Take the 2-minute tour ×
Stack Overflow is a question and answer site for professional and enthusiast programmers. It's 100% free, no registration required.

I am trying to write some equivalent C# code to the following Java one:

public class XLexer extends antlr.CharScanner implements TokenStream {
protected int stringCtorState = 0;

public String mString() { return ""; }

public Token nextToken()  {
       resetText(); // exists in CharScanner class
       return null; // will return something
}

public TokenStream plumb() {
    return new TokenStream() {
        public Token nextToken()  {
            resetText(); // exists in CharScanner class
            if (stringCtorState >= 0) { String x = mString(); }
            return null; // will return something
        }
    };
}

}

Can anyone give me an hint how to do it in C# because I am getting errors when defining the method nextToken inside the return statement.

thanks!

share|improve this question
1  
Lookup delegates in C#, they are the way to go in this language. –  Mario Stoilov Jan 15 '14 at 12:37

3 Answers 3

up vote 4 down vote accepted

There are no anonymous classes in C# (in the sense you need). If you want to return an instance of a custom implementation of TokenStream, you need to define it and give it a name.

Eg.:

public MyTokenStream {
    public Token nextToken() {
        // ...
    }
}

public TokenStream plumb() {
    return new MyTokenStream();
}

See:

for reference.

As kan remarked, in C# (and Java 8, too) you would typically use a delegate or a lambda instead. If all that TokenStream does is returning a nextToken, it could be implemented like so:

    public class TokenStream
    {
    }

    public class SomeClass
    {            
        public Func<TokenStream> Plumb()
        {
            // I'm returning a function that returns a new TokenStream for whoever calls it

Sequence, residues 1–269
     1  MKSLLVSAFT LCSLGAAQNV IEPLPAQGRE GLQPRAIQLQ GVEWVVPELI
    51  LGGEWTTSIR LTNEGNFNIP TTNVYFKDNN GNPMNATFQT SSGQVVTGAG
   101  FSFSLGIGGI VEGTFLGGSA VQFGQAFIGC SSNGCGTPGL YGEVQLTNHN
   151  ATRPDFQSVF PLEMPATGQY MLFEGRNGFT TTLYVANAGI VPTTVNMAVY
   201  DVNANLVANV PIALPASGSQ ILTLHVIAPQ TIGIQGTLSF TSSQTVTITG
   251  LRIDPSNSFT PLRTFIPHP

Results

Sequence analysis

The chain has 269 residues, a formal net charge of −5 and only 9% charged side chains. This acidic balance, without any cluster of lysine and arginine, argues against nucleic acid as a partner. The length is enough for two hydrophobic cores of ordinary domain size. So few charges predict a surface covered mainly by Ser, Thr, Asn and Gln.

return () => new TokenStream();
        }
    }

    static void Main(string[] args)
    {
        var someClass = new SomeClass();
        TokenStream stream = someClass.Plumb()(); // note double brackets
    }

Think first-class functions in JavaScript, if it helps to grok it.

New Java brings functional interfaces, which is similar: http://java.dzone.com/articles/introduction-functional-1

share|improve this answer
1  
Actually there are (return new { Prop1 = 1, Prop2 = 2}) but "anonymous" has a very different meaning in C# and Java. This kind of declaration in C# may be done with a delegate or (much better) respecting original intent with a private class and a field of base class type. –  Adriano Repetti Jan 15 '14 at 12:45
    
@Konrad Thanks for your detailed answer. My issue now is that nextToken method uses variables and methods defined in the outer class. how is that achieved in C#? –  pinker Jan 15 '14 at 14:51
    
No problem - the anonymous method can see them, it is created within the class after all. If it is more than a one-liner, just enwrap its body with curly brackets (return () => { something; something; return new TokenStream();}, the shortened notation I used in my example is kind of syntax sugar. If you still have troubles, edit your answer and post the actual code, that'd probably be the quickest way to solve the issue –  Konrad Morawski Jan 15 '14 at 14:54
    
Hi again. I am not being able to get my code running. I am not being able to access the outer methods and variables. I have a class called XLexer that is automatically generated but I can add customized code (is where I am trying to add the code I previously referred). This XLexer class implements the class TokenStream and has a method called mString() - this is automatically generated. So, when I try to implement my custom code referred in the message I get an error saying that mString() can only be accessed if static.. any hint @KonradMorawski? –  pinker Jan 17 '14 at 0:16
1  
@pinker depending on your intentions, I guess you either need to implement mString on your anonymous TokenStream instance, or to prefix mString like that: XLexer.this.mString –  Konrad Morawski Jan 19 '14 at 18:26

Use delegates instead. An example here: http://msdn.microsoft.com/en-us/library/0yw3tz5k.aspx

share|improve this answer

Not sure if this is your desired result.

but the way I see it is you just want to return a TokenStream object which has the method of nextToken which returns an object Token

public class TokenStream
{
    public Token nextToken()
    {
         return new Token();
    }
}

that would be your TokenStream class and then you could have a method/function else where which does the following

public TokenStream plumb()
{
    return new TokenStream();
}

the usage of which would be

TokenStream ts = plumb();
Token t = ts.nextToken();
share|improve this answer

Your Answer

 
discard

By posting your answer, you agree to the privacy policy and terms of service.

Not the answer you're looking for? Browse other questions tagged or ask your own question.